We begin our analysis of this case by examining R.C. 2705.01, which authorizes a court to summarily punish, as direct contempt, “misbehavior in the presence of or so near the court or judge as to obstruct the administration of justice.”   Next, we note that R.C. 2705.02 defines actions which constitute indirect contempt of court, but is further conditioned by R.C. 2705.03, which states:

“In cases under section 2705.02 of the Revised Code, a charge in writing shall be filed with the clerk of the court, an entry thereof made upon the journal, and an opportunity given to the accused to be heard, by himself or counsel.”

In Cleveland v. Ramsey (1988), 56 Ohio App.3d 108, 564 N.E.2d 1089, we previously held:  “[A]rriving late to hearing or pretrial is indirect contempt.”

Accordingly, prior to its adjudication for contempt in this case arising out of tardiness in arriving at a pretrial, the court should have complied with the provisions of R.C. 2705.03, filed a charge in writing with the clerk, and provided service and an opportunity to be heard before adjudicating the contempt.

 In order to complete our analysis of this case, however, we further consider the nature of the contempt as being either civil or criminal.

As stated by this court in In re Carroll (1985), 28 Ohio App.3d 6, 28 OBR 15, 501 N.E.2d 1204:

“The distinction between civil and criminal contempt turns on the character and purpose of the sanction imposed.   Either a fine or imprisonment, or both, may be imposed in civil or criminal contempt cases.   In the civil context, however, the purpose of the sanction is coercive;  that is, it is intended to force the contemnor to comply with the court's order.  * * *

“A sanction for criminal contempt, by contrast, is a punishment for past refusal to obey a court order.  Schrader v. Huff (1983), 8 Ohio App.3d 111 [8 OBR 146, 456 N.E.2d 587].   No coercive element is present.  * * *”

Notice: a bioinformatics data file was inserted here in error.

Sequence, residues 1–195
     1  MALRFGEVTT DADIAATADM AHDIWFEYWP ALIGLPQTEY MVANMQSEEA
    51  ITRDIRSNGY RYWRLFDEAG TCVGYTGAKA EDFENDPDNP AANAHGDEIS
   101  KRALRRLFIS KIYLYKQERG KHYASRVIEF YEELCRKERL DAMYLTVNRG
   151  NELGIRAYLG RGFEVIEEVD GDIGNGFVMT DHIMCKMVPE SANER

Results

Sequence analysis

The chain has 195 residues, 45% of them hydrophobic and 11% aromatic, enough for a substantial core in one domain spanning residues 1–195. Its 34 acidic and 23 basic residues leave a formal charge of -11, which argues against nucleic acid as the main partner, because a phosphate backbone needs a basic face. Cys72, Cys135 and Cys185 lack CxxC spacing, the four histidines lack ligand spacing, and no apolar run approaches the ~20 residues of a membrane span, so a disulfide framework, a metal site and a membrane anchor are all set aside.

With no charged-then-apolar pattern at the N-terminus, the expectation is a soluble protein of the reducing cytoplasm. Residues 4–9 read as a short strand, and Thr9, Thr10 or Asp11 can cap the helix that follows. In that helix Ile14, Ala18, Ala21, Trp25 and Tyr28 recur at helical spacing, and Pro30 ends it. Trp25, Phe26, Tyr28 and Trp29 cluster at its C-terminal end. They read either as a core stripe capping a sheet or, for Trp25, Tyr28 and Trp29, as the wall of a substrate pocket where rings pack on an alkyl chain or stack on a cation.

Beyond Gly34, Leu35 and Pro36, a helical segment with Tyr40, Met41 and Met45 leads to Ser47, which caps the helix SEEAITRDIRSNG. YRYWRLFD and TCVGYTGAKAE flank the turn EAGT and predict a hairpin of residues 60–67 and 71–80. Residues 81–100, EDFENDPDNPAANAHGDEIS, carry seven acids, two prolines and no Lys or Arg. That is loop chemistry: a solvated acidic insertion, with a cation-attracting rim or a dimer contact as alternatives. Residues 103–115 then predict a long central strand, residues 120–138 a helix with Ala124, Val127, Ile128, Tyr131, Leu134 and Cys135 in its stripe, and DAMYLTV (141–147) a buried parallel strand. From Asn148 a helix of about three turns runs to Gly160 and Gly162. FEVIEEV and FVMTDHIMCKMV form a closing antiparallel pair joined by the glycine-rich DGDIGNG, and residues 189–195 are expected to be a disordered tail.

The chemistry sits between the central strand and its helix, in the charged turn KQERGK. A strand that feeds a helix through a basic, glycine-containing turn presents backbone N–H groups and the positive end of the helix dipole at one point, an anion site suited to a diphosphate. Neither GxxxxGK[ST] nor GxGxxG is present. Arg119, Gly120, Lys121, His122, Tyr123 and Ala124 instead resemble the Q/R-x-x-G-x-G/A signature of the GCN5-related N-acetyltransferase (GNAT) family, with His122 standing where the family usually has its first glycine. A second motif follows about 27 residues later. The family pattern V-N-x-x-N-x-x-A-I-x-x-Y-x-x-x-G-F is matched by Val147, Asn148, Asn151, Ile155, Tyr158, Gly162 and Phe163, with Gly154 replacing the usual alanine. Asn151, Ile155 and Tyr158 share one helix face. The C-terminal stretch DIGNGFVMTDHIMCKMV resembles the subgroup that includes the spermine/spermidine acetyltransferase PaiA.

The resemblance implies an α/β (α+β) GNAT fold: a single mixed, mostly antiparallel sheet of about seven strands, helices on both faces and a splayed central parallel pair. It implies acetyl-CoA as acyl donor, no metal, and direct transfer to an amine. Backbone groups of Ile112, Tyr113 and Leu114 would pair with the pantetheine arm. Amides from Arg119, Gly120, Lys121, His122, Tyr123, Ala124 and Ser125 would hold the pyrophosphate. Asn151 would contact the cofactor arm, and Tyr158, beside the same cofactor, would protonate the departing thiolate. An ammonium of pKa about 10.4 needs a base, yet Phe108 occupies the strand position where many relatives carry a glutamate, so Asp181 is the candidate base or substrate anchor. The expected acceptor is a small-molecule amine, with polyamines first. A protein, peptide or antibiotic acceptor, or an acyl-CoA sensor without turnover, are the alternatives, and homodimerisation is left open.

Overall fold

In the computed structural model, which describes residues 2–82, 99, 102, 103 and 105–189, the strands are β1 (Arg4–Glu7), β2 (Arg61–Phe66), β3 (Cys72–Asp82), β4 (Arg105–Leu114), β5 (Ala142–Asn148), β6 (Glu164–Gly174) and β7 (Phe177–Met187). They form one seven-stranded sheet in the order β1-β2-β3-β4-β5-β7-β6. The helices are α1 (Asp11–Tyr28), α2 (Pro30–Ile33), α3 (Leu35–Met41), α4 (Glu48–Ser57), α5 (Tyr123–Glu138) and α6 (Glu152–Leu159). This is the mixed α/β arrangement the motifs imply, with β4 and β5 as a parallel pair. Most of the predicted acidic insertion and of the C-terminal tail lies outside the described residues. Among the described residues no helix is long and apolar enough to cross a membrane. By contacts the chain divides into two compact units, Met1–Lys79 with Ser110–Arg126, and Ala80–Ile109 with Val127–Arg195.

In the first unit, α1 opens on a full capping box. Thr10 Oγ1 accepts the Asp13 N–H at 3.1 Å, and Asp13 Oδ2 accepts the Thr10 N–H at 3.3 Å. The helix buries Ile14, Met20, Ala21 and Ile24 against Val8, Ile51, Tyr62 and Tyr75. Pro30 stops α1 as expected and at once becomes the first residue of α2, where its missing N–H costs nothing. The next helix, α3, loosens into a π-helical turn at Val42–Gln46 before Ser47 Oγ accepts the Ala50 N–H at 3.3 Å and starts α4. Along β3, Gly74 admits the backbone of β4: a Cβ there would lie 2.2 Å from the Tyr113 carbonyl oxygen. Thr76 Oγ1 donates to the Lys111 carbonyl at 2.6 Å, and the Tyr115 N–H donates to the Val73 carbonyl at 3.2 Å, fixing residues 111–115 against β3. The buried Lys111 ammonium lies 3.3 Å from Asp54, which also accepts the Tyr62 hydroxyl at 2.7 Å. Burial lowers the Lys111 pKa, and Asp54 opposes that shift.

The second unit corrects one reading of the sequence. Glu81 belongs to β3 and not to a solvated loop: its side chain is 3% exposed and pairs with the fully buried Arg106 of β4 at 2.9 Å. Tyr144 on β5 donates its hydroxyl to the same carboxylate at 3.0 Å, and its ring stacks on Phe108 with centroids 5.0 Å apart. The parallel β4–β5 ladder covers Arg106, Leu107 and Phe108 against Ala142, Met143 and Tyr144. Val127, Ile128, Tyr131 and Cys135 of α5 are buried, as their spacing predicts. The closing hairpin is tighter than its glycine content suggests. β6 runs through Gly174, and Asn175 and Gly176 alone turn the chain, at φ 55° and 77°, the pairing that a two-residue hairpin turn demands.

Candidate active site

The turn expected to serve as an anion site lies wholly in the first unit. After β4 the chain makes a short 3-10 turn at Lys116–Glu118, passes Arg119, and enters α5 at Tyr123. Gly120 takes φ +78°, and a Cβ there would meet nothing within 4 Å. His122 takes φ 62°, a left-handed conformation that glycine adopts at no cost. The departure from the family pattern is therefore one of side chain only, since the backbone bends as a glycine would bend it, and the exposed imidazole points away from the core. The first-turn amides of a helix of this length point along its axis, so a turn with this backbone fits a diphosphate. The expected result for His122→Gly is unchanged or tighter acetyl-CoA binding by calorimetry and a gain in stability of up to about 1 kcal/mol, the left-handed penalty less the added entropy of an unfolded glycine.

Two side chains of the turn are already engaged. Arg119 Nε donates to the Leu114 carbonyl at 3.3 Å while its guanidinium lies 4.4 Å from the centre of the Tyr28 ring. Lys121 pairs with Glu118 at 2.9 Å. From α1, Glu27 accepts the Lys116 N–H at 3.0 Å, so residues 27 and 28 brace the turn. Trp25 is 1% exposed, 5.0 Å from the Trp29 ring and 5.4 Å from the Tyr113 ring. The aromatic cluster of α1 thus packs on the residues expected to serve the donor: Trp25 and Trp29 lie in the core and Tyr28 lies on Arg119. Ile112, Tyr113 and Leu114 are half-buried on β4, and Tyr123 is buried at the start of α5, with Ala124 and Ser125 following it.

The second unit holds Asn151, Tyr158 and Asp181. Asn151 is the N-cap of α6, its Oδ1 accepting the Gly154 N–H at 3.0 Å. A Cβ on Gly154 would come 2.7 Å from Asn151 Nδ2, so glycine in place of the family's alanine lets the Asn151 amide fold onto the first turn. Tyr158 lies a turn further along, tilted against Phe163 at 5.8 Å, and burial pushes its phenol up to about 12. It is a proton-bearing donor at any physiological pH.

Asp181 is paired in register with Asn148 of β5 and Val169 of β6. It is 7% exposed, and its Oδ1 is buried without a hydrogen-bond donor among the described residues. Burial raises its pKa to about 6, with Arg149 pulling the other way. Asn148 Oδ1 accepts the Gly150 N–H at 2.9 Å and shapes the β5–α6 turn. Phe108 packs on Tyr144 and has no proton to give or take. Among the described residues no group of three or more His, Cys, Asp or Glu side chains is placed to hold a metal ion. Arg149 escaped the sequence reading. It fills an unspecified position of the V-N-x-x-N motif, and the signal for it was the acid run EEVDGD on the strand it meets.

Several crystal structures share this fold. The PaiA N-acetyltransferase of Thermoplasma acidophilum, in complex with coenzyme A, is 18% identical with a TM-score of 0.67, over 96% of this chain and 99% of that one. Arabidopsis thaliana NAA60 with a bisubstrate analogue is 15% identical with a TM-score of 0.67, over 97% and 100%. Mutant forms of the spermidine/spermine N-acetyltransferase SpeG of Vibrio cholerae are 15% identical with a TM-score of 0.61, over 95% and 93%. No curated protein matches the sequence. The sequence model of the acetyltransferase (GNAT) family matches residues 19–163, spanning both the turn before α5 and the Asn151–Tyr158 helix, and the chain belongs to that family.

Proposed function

Here, after summarily finding Stein in contempt, the court immediately imposed a $250 fine as punishment, affording him no opportunity to purge the contempt.   Hence, the sanction imposed by the court characterizes this behavior as indirect criminal contempt, which requires proof beyond a reasonable doubt of all the essential elements of criminal contempt.   We observe that intent is an essential element of indirect criminal contempt.   See In re Carroll, supra, and Cleveland v. Ramsey, supra.

The record before us fails to demonstrate any evidence of Stein's intent to violate the court's pretrial order.   Since the record contains insufficient evidence to support the contempt conviction, we conclude that the assignment of error is well taken.

 Accordingly, the judgment of contempt is reversed, the fine and sanction are vacated, and final judgment is entered for appellant as to the contempt citation only.   The matter is now remanded to the trial court for further proceedings on the underlying case.

Judgment accordingly.


1.   While the complaint and other documents filed with the trial court and our court use “Styne,” the record reveals that the correct spelling is “Stein.”


DYKE, P.J., and O'DONNELL and PATTON, JJ., concur.

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ELIAS v. STEIN (1997)

Docket No: No. 71770.

Decided: July 07, 1997

Court: Court of Appeals of Ohio,Eighth District, Cuyahoga County.